March 30, 2003


Watching images of the bombing of Baghdad brought to mind another American bombing campaign 58 years ago. On March 9, 1945, more than 300 B-29 Superfortresses attacked Tokyo. Their napalm bombs and magnesium incendiaries turned 16 densely packed square miles into an inferno. An estimated 84,000 people, mostly civilians, were killed, making this one of the deadliest days of warfare ever.

The enormity of the destruction is almost impossible to comprehend today, because the American armed forces fight so differently now. The new way of war emphasizes precision and aims for minimal casualties on both sides. This approach represents a considerable advance, but it also brings its own set of problems.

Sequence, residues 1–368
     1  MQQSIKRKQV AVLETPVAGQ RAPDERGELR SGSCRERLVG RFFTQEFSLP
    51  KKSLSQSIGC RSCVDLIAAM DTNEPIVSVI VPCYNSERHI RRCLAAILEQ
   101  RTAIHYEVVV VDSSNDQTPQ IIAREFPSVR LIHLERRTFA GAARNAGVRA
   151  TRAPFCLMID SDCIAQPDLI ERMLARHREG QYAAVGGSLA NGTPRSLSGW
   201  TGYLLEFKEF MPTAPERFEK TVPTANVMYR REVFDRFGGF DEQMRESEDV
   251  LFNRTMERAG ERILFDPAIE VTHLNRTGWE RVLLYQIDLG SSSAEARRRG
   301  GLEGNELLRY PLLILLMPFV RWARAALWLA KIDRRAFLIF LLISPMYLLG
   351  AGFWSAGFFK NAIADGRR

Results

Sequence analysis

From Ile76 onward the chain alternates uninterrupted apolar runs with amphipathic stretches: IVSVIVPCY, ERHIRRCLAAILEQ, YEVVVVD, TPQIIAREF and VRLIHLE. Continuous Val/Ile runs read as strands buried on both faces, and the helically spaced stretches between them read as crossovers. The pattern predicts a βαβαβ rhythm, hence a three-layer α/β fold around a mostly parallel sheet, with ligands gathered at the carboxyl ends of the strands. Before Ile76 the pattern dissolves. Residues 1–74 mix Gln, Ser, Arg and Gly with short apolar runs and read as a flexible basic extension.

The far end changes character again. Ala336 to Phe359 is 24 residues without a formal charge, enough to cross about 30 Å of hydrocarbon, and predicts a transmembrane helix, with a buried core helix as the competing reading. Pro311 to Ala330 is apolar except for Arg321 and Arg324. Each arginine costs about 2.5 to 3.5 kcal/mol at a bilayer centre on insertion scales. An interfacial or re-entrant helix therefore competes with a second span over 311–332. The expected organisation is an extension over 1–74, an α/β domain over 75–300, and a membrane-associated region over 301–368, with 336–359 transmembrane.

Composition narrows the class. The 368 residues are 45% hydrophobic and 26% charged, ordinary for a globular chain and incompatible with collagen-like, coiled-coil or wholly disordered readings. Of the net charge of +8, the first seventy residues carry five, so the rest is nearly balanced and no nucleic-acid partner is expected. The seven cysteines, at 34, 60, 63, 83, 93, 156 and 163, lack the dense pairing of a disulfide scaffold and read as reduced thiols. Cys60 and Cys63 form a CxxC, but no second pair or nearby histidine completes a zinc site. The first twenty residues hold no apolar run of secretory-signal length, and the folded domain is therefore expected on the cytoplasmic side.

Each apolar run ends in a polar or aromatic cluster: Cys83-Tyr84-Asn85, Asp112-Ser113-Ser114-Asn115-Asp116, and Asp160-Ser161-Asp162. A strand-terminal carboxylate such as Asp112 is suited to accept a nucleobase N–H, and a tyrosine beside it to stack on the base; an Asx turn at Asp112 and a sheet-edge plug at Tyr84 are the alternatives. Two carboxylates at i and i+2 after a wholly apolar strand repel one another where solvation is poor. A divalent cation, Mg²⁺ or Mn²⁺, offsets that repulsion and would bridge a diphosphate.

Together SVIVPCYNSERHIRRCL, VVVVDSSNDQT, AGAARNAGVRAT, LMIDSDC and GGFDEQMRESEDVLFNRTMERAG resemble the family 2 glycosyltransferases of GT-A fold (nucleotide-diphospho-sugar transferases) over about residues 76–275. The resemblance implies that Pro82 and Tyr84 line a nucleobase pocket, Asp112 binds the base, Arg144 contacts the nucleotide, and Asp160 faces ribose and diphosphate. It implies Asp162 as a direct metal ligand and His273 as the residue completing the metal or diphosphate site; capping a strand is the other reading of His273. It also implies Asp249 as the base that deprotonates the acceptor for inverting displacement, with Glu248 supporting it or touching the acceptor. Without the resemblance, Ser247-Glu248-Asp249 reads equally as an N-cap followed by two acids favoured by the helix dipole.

Although air strikes on Baghdad have intensified, leading to what Iraqi officials claim are more than 70 civilian casualties, the city is hardly being pounded into rubble. Electricity and other services remain. In the war’s early days, Baghdad residents even stood on their balconies to watch bombs and missiles pummel their city — secure in the knowledge that only a handful of government buildings would be hit.

This is a bit reminiscent of the first Battle of Bull Run in 1861, which drew as spectators the crème de la crème of Washington society. It is almost as if the United States has left behind the total war of the 20th century and returned to an earlier time of more limited combat, when columns of professional soldiers marched toward each other across open fields and civilians were hurt only by accident.

Boot’s not entirely sure that this is a good idea.

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